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A report on Singapore River

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Cheong Li Anne 109 May 5, 2003 \A report on Singapore River\ The Singapore River, which cuts through the heart of the city, was for many decades the main artery of trade and commerce for the British. The Singapore River was founded by Sir Stamford Raffles, tracing back to 1819 when Raffles' ship arrived on the northeastern bank of the Singapore River. Soon after that Raffles signed the treaties with the local Malay leaders and set that area as the British entrepot. Successfully, his project turned out to be into 5 quays; Raffles Quay, Collyer Quay, Boat Quay, Clarke prosperous and soon he had to order land reclamation that was divided Quay, and Robertson Quay. ...read more.


The most outstanding type of shop in Boat Quay area is but alfresco restaurants that serve Western visitors and local business people. And if you walk up north of Boat Quay, you will find Quarke Quay, which its name was taken from Sir Andrew Clarke, the governor of Straits Settlements from 1873-1875. Up to today, many godowns constructed during 1860 to 1920 by Chinese and European 0entrepreneurs still jostle for space with the many concrete-and-glass skyscrapers that have shot up in more modern times. At the mouth of the Singapore River stands a statue of the Merlion, a half-lion, half-fish mythical beast that has come to symbolize Singapore. ...read more.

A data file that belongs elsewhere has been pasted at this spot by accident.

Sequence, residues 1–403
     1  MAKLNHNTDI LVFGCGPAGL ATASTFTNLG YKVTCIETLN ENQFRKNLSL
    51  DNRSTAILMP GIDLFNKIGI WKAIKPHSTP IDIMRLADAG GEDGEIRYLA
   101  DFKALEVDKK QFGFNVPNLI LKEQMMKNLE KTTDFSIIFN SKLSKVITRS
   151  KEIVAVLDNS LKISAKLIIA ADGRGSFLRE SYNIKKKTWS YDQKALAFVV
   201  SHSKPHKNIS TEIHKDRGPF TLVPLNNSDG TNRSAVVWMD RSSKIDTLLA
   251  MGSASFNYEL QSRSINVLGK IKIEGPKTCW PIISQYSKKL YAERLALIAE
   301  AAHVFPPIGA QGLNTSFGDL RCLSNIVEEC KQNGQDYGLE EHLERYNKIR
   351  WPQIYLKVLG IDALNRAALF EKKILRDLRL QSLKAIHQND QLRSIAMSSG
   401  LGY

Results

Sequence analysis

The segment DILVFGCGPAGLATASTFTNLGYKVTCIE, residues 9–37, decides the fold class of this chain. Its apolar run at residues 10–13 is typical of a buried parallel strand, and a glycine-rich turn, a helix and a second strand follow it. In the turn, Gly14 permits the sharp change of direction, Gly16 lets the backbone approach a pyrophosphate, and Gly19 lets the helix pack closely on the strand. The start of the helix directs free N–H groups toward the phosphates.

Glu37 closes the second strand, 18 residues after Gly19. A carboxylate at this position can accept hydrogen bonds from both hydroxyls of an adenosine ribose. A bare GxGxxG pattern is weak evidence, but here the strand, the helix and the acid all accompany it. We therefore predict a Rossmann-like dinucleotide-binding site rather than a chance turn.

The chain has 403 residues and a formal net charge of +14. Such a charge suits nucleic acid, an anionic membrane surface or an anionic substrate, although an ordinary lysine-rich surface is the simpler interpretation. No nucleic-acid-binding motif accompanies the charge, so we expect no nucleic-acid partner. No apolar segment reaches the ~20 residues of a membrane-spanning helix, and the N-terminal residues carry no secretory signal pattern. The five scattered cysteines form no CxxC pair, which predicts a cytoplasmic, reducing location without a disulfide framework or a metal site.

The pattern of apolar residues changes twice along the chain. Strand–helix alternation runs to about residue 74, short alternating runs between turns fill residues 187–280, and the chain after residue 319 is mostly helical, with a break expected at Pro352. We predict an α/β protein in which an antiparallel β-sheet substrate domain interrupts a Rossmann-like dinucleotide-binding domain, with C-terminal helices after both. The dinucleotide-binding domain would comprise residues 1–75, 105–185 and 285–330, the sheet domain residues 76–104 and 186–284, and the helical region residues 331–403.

The imposing Empress Place building, built in1865, was once a courthouse and had just been refurbished as the Second Wing of the Asian Civilisations Museum. Nearby, next to the river, is the spot where Raffles landed in Singapore. This event is commemorated by statue of Raffles, made of white marble and built in 1972, set at the site where he first set foot on the island. Today, the best way to view many of the buildings, statues, monuments and museums that Singapore has inherited from its colonial past is to take a walk along the Singapore River, or a river-boat tour that starts at Clarke Quay. The passengers would travel along the Singapore River on an old bumboat, the kind that used to navigate up and down the river in colonial times. ...read more.

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